“I have grown up surrounded by ghosts of the Holocaust.” With that line, Shelby Margolin ’13 delivered an impassioned and seamless speech that earned her first place in the Hervey Ross LEEP Talks at Clark University.
Visit the LEEP website for more videos and information about the Pioneers.
The event, held Oct. 18 in the Michelson Theater, brought together eight LEEP (Liberal Education and Effective Practice) Project Pioneers, who made presentations about the summer internships that provided them opportunities to thrive in professional settings. Their work sent them into the corporate world and onto the dusty roads of the American West, into the digital thicket of distributed computer systems at Amazon and to the edge of a sprawling landfill outside San Francisco, where efforts are underway to counteract the nation’s trash problem. This past summer, the Pioneers were the first Clark students to undertake specialized LEEP projects that melded academic learning with real-world experience.
- Becca Rood-Goldman ’14 talked of blending art with science while studying the evolution of leeches at the Museum of Natural History in New York.
- Irene Nakabonge-Lugude ’13 discussed her research project that evaluates medical trainees’ comprehension of the Accreditation Council for Graduate Medical Education's duty-hour requirements. She noted that sleep deprivation among overworked medical residents has been cited as a factor in substandard medical care of some patients.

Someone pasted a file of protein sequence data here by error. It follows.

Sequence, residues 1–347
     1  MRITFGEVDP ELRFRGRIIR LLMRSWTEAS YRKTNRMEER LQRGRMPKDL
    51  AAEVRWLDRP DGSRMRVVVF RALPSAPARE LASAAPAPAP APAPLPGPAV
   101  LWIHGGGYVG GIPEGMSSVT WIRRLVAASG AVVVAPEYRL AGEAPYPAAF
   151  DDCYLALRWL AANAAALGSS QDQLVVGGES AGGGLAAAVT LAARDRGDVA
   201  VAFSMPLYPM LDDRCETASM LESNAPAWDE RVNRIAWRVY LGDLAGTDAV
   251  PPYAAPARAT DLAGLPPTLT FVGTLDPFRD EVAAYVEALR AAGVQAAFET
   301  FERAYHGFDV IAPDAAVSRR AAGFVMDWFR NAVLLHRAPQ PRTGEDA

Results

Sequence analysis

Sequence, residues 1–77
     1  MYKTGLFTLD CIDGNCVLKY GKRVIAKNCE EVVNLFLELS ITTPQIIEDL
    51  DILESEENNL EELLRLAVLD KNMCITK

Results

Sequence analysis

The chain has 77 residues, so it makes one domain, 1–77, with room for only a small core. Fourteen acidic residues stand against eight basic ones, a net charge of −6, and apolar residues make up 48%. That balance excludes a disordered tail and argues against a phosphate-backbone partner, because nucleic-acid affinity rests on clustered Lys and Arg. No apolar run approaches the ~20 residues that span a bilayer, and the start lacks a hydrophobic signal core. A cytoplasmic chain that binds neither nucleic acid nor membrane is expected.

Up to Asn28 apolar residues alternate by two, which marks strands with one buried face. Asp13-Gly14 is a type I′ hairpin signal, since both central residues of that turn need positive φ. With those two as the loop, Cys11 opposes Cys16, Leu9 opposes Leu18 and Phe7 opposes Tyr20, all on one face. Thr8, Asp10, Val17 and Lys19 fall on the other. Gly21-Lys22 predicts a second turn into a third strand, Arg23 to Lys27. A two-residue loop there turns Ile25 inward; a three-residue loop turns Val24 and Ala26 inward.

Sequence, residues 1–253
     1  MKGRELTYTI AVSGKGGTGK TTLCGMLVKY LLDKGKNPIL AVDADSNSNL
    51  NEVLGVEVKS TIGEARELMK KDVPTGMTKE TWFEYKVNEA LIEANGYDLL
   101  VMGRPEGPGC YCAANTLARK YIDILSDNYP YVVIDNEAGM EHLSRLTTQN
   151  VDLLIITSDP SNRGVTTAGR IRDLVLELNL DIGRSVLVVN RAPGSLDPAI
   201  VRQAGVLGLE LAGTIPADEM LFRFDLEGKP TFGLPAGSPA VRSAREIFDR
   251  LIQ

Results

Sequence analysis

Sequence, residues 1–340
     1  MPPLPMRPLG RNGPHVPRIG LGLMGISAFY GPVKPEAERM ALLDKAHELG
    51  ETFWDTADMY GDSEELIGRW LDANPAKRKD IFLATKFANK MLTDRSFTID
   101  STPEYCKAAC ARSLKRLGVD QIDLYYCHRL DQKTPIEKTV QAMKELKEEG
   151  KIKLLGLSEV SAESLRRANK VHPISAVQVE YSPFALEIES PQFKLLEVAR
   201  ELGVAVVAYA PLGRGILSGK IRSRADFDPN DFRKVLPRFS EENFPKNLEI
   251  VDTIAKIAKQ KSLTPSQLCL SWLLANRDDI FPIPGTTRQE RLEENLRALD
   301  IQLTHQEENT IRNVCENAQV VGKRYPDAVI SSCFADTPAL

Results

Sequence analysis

- Deviyani Dixit ’13 offered compelling testimony on the plight of the transgendered community in Kathmandu, Nepal.
- Alison Mayer ’13 described the making of her documentary, “Westing,” as “a sort of Frankenstein monster taking on a life of its own.” The film addresses issues surrounding American identity and the myths of the West.
- Zach Hariton ’13 explained how building a large-scale expanding cloud service will help meet the voracious demand for online services.
Margolin was awarded the $500 first prize. The second prize of $250 went to Bort, and Holt earned the $150 third prize. Dixit was awarded the “Audience Favorite” award of $100. “You were all terrific,” said the contest sponsor Hervey Ross ’50, L.H.D. ’07, adding that each speaker’s deep involvement with the topic made for effective presentations. He also offered some practical advice to the presenters, suggesting they move around less onstage and not rely on notes. Ross has been sponsoring the student oratorical contest at Clark since 2005. Public speaking has been a passion of his since his student days at Worcester Academy and throughout his Clark career. After leaving Clark, he became a successful businessman and owner of one of the nation’s largest specialty insurance agencies. The contestants also delivered their speeches on Oct. 19 for the Clark University Board of Trustees.